Hi, We run many Library / web / database applications on RedHat servers with SELinux enabled. Sometimes it takes a bit of investigation and horsing around but I haven't yet found a situation where it had to be disabled. setsebool and chcon can solve most problems and SELinux is an excellent enhancement to standard filesystem and ACL security. -Graham -- Graham Stewart Network and Storage Services Manager, Information Technology Services University of Toronto Library 130 St. George Street Toronto, Ontariograham.stew...@utoronto.ca Canada M5S 1A5Phone: 416-978-6337 | Mobile: 416-550-2806 | Fax: 416-978-1668 Ken Irwin wrote: Hi all, Thanks for your extensive suggestions and comments. A few folks suggested that SELinux might be the issue. Tobin's suggestion to change one of the settings proved effective: # setsebool -P httpd_can_network_connect 1. Thanks to everyone who helped -- I learned a lot. Joys Ken -Original Message- From: Code for Libraries [mailto:code4...@listserv.nd.edu] On Behalf Of Greg McClellan Sent: Tuesday, November 24, 2009 10:04 AM To: CODE4LIB@LISTSERV.ND.EDU Subject: Re: [CODE4LIB] calling another webpage within CGI script Hi, I had a similar problem a while back which was solved by disabling SELinux. http://www.crypt.gen.nz/selinux/disable_selinux.html -Greg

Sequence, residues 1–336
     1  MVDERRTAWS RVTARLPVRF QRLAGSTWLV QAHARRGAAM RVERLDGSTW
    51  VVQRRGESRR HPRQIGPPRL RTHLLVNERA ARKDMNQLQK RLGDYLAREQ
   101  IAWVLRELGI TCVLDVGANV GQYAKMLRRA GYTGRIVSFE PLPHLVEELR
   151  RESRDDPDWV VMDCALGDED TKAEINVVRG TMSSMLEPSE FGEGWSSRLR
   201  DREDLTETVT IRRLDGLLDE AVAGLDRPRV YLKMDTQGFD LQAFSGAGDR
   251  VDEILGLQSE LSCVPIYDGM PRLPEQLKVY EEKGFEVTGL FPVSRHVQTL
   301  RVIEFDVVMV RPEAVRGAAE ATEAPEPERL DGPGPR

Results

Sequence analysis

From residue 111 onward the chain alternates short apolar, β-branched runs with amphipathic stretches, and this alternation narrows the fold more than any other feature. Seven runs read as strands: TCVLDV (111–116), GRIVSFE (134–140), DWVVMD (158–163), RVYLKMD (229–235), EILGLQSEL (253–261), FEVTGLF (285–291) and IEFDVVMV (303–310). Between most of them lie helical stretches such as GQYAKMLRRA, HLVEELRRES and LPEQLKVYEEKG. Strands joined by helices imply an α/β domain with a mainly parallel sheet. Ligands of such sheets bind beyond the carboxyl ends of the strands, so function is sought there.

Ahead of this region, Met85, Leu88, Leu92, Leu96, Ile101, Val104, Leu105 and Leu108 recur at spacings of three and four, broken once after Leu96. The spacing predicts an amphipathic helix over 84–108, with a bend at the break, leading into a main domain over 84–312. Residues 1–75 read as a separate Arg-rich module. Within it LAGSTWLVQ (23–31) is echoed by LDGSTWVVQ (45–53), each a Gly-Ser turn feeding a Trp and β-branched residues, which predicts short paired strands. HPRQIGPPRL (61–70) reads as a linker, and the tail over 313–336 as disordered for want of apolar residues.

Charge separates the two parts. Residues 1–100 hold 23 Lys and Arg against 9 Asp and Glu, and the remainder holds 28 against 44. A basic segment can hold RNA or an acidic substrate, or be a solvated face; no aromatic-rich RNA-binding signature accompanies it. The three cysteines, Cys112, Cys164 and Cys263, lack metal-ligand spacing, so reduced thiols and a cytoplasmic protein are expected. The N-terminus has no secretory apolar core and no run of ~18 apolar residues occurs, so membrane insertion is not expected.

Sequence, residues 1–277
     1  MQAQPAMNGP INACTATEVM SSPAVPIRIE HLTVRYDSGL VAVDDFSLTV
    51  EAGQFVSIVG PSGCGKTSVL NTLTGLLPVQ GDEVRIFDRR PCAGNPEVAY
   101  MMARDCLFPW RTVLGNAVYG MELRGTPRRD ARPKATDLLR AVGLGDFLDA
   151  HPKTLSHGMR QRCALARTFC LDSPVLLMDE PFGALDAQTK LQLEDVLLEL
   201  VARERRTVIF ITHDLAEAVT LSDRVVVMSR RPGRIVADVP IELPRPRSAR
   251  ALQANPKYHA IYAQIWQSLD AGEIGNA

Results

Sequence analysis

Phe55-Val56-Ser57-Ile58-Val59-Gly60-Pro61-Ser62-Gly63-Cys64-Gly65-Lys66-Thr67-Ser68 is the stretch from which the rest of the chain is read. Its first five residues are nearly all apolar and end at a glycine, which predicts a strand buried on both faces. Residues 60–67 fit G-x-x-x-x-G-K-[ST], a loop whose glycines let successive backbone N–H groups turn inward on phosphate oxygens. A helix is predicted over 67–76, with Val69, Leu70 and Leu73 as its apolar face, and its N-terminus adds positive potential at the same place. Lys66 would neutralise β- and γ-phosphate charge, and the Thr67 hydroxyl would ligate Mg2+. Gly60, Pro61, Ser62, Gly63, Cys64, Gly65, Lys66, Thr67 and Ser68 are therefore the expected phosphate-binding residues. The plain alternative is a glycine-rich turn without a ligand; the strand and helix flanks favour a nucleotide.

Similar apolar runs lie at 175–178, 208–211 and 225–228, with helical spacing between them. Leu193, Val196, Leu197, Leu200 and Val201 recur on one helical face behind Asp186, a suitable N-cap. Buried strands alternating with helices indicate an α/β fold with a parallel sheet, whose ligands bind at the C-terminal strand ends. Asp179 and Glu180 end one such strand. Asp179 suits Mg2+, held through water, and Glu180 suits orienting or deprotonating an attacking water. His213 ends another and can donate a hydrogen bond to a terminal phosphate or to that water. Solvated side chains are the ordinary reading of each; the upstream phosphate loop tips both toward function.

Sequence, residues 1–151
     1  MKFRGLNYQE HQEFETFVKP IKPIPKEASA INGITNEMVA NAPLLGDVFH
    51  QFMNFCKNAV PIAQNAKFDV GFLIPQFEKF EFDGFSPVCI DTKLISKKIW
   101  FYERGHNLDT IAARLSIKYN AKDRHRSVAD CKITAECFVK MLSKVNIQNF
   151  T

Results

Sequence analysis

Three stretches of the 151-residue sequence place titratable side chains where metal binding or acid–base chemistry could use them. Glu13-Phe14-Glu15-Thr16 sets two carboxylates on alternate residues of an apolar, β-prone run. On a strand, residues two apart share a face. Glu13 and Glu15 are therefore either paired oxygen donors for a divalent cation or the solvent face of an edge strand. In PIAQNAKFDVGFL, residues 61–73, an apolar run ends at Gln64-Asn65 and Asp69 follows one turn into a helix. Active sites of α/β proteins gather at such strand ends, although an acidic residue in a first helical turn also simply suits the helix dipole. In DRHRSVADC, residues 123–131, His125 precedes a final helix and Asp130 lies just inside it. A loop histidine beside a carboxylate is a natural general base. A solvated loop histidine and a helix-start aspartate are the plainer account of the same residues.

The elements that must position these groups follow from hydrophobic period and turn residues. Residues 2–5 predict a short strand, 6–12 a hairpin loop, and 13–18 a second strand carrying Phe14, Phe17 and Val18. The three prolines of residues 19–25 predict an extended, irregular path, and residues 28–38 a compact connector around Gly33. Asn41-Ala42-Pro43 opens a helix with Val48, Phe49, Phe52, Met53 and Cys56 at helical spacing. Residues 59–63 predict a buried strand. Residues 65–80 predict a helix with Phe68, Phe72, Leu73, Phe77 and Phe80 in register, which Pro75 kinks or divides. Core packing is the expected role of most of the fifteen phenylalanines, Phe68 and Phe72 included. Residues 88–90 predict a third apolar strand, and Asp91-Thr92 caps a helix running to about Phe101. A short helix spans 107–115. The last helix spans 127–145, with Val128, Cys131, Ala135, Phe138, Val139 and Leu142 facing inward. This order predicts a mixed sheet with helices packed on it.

An interesting topic ... heading out to cast vote now. In our environment, about 6 years ago we informally identified the gap (grey area, war, however it is described) between server / network managers and developers / Librarians as an obstacle to our end goals and have put considerable effort into closing it. The key efforts being communication (more planning, meetings, informal sessions), collaboration (no-one is working in a vacuum), and the willingness to expand/stretch job descriptions (programmers sometimes participate in hardware / OS work and sysadmins will attend interface / application planning meetings). Supportive management helps. The end result is that sysadmins try as hard as possible to fully understand what an application is doing/requires on their hardware/networks, and programmers almost never run any applications that sysadmins don't know about. So, SELinux has never been a problem because we know what a server needs to do before it ends up in a developer's hands and developers know not to pound their heads against the desk for a day before talking to sysadmins about something that doesn't work. Well, for the most part, anyway ;-) -Graham Ross Singer wrote: On Tue, Nov 24, 2009 at 11:18 AM, Graham Stewart graham.stew...@utoronto.ca wrote: We run many Library / web / database applications on RedHat servers with SELinux enabled. Sometimes it takes a bit of investigation and horsing around but I haven't yet found a situation where it had to be disabled. setsebool and chcon can solve most problems and SELinux is an excellent enhancement to standard filesystem and ACL security. Agreed that SELinux is useful but it is a tee-otal pain in the keister if you're ignorantly working against it because you didn't actually know it was there. It's sort of the perfect embodiment between the disconnect between the developer and the sysadmin. And, if this sort of tension interests you, vote for Bess Sadler's presentation at Code4lib 2010: Vampires vs. Werewolves: Ending the War Between Developers and Sysadmins with Puppet and anything else that interests you. http://vote.code4lib.org/election/index/13 -Ross Bringin' it on home Singer. -- Graham Stewart Network and Storage Services Manager, Information Technology Services University of Toronto Library 130 St. George Street Toronto, Ontariograham.stew...@utoronto.ca Canada M5S 1A5Phone: 416-978-6337 | Mobile: 416-550-2806 | Fax: 416-978-1668